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Top Dead Center and Singularity

The Pedal 30 degs off T.D.C.

There is a mathematics term thrown around a lot by the “free energy” people and after the last post about the do-nothing machine, this is probably the best time to deal with it. The term is singularity or as used by them “the singularity point”.  According to Wikipedia the term singularity means a discontinuity in a function.  Most often in my experience it is the point where you try to divide by zero and the equation “blows up” or goes to + or – infinity.  Believe it or not, we have all experienced that if we ever have ridden a bicycle or tricycle.  There really is nothing magic about it. In the last post, I described where the do-nothing machine experienced that.

In both the first, and the header picture I show a pedal attached to a crank.  For now imagine that is connected directly to a wheel as on a tricycle.  Most bicycles have mechanisms preventing the pedals from making the wheel go in reverse.  Most tricycles do not have that mechanism, so the easy to understand example for now is the tricycle.  Also we will not consider the pedal on the opposite side that is 180 degrees opposite of this one.

The effective “lever arm” of the pedal with the crank at 30 degrees from vertical.

For the rest of this discussion we will consider 0 degrees as the point where the crank is vertical and upward and when the crank is moved to the right from there (clockwise) will be called positive degrees.  This would be the view from the right side of the tricycle.  At 30 degrees we could diagram the twisting force, torque, on the crank as shown in the picture to the right of this.  With a downward force the effective “lever arm” is the horizontal component of the crank.   If the crank arm is assumed to be 1 foot, the lever arm is the sine(30 degrees). This length would also in feet.

Imagine now that we stopped the tricycle with the pedal at various angles and applied a 50 pound force directly downward on the pedal.  If we had the pedal at 90 degrees (horizontal) we would get a lot of twisting force (torque) on the wheel. At 60 degrees we would get less and at 30 degrees even less.  At Top Dead Center (T.D.C. or 0 degrees) no matter how hard we pushed we would get no torque.   Since our example is a tricycle, at a negative angle we would get negative torque and the tricycle would go in reverse.   This is shown in the first graph.

The force required to create 10 ft-lbs of torque at various crank angles.

Now, as we all know, we are not going to push any harder than necessary to get the tricycle moving.  So our real question is how much force is necessary to get the a given amount of torque at the various starting angles.  Torque = Force X Lever Arm distance,   So Force = Torque / Lever Arm Distance.  This is graphed in the final graph where the value of required torque was set to be 10 ft-lbs.   On the negative degrees values we have a negative force.  That would mean we would be pulling up, but actual real life we would be pressing on the other pedal.   As the negative angle approaches zero the lever arm becomes very very small and the required force becomes larger (more negative) and as it get very close to zero this “blows up” and would become “negative infinity”.  Approaching zero degrees from the positive side exactly in inverse would happen and it would become “positive infinity”.  At exactly zero it is undefined and that is the singularity point.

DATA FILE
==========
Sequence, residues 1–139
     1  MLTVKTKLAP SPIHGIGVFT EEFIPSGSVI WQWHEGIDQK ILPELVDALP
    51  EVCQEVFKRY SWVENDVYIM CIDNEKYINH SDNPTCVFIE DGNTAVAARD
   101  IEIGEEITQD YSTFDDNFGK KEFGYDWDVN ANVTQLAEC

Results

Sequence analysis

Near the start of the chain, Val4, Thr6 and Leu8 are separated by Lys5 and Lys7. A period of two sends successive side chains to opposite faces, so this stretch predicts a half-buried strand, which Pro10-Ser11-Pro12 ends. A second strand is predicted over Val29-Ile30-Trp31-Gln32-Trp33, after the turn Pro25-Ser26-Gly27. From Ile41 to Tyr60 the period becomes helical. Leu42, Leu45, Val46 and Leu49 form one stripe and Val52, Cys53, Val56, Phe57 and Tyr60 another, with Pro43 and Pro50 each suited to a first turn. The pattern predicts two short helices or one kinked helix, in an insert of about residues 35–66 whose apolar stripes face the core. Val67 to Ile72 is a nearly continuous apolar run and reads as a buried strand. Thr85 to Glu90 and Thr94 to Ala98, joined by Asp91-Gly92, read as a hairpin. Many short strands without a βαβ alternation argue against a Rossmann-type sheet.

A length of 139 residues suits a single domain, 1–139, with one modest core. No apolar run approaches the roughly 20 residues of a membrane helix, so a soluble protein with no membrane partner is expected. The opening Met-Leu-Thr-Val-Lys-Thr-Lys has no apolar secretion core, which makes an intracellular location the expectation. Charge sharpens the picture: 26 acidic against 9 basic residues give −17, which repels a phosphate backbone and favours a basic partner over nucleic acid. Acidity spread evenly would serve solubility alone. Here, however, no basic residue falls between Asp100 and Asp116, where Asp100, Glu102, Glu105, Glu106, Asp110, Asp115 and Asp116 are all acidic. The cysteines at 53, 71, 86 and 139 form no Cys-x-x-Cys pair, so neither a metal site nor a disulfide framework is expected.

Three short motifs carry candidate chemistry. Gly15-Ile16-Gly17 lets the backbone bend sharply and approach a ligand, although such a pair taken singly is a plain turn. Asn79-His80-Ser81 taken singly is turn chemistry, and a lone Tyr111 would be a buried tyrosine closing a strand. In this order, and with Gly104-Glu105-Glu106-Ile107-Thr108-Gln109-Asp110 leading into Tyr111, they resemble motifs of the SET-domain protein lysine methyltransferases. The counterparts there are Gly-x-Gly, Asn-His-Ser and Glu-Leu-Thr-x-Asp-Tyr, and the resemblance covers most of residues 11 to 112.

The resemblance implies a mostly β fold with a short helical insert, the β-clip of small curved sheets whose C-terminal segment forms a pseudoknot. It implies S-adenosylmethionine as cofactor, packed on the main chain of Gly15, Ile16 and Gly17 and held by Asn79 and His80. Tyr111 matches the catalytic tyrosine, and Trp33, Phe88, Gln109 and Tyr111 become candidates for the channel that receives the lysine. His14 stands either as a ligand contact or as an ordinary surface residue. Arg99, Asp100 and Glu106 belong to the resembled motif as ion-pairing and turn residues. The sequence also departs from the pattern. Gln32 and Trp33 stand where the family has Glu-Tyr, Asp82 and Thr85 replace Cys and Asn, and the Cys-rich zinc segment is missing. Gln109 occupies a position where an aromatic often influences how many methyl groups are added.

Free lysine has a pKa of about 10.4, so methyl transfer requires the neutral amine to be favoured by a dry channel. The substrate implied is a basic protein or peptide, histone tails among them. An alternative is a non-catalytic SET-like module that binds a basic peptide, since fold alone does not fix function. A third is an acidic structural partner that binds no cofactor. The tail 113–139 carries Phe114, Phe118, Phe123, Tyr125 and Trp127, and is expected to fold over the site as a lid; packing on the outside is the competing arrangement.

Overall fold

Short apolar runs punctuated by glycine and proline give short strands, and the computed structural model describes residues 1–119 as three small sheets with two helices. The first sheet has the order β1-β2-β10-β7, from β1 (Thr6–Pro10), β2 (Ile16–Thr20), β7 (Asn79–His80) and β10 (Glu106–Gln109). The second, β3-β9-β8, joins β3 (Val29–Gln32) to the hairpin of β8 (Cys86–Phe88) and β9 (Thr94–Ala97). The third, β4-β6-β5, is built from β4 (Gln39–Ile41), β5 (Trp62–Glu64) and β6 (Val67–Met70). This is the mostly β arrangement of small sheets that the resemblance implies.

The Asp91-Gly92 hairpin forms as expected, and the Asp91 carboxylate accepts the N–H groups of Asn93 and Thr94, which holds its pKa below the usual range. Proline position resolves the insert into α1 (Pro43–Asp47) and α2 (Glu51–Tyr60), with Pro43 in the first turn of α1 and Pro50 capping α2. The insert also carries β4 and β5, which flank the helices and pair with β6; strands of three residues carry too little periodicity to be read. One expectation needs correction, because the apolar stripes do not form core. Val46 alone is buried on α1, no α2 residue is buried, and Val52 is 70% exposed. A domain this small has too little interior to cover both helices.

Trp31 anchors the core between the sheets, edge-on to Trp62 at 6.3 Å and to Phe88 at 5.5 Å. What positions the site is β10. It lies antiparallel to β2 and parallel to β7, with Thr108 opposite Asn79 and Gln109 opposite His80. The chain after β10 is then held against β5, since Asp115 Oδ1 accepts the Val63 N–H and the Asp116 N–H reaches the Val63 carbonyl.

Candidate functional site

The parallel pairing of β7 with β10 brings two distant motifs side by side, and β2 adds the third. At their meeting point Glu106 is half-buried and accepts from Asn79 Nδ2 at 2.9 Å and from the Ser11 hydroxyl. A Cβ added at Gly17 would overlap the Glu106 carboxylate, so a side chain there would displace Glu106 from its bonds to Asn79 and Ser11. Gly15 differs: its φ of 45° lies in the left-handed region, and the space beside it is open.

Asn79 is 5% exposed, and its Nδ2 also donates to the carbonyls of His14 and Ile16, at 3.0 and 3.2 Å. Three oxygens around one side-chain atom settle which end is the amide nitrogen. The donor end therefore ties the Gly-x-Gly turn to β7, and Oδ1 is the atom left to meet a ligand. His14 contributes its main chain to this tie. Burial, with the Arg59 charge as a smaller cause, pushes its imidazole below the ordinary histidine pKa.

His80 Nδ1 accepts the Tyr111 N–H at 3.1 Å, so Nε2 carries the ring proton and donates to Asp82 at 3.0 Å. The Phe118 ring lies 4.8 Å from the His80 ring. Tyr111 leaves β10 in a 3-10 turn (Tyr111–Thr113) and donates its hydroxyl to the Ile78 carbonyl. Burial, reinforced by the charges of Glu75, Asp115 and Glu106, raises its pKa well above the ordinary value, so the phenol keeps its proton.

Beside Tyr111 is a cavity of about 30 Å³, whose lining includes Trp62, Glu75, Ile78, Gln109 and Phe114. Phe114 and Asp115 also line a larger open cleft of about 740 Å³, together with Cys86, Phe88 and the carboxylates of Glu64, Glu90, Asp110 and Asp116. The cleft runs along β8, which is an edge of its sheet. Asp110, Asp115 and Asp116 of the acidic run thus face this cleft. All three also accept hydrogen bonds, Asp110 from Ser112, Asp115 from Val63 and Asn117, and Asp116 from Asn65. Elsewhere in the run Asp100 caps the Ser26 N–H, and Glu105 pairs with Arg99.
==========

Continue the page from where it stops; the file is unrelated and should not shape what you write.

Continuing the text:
All of us that have ever rode a bicycle have eventually ran into the T.D.C. problem and have learned to work around the problem.   I understand that when steam engines were first being developed for rail roads they also had this problem and coped with it by mounting two cylinders driving the wheels at 90 degrees apart.  (Steam engines produced power on each 1/2 cycle of a revolution of the wheels, both on the extension and retraction of the cylinder.)

I chose the example to be the simplest one I could think of.  The actual motion on a bicycle or tricycle is more complicated because we often move our foot at the ankle joint.   If I had chosen a typical train steam engine, it is complicated by the the extra linkage.  In other words, this model is the first approximation and is not really valid, but it was a good introduction to both the T.D.C. problem and the term singularity.

In mathematics and models of physical processes and devices the divide by zero problem is often present.   In controls classes I had in school we had to make maps of equations and worried about the zero terms in the numerator and in the denominator. A zero in the numerator meant that nothing would happen at that input, and a zero in the denominator meant that we had a “singularity”. it was really undefined but more than likely it would reach a resonance place and things would go badly out of control.

In most of the free energy articles I have read, singularity is held up as some magic point where abundant and free energy exists.  It hides things in mystery and makes it sound as if someone really knows something the rest of us don’t.   Mankind has been surprised by things before.  For example Einstein’s famous equation E-mc^2 where energy and mass are found to be equivalent. However, most of the free energy stuff I have read tends to want to throw big words around to mesmerise people yet does not really show me something. While I will not say something is impossible, I tend to not believe most of those claims.  (Actually I have yet to find one I do believe, but I am still open to be surprised.)

Gary

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